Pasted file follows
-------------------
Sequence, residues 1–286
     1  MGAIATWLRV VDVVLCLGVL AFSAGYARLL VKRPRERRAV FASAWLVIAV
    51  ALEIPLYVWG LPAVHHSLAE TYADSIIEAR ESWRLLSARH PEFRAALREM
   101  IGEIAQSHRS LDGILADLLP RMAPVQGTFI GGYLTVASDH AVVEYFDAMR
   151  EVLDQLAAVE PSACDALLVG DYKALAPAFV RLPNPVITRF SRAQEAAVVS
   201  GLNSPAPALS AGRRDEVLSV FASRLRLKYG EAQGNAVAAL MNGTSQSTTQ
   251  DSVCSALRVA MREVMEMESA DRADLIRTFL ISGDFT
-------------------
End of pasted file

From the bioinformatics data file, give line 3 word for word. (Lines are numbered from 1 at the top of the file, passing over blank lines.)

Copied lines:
    51  ALEIPLYVWG LPAVHHSLAE TYADSIIEAR ESWRLLSARH PEFRAALREM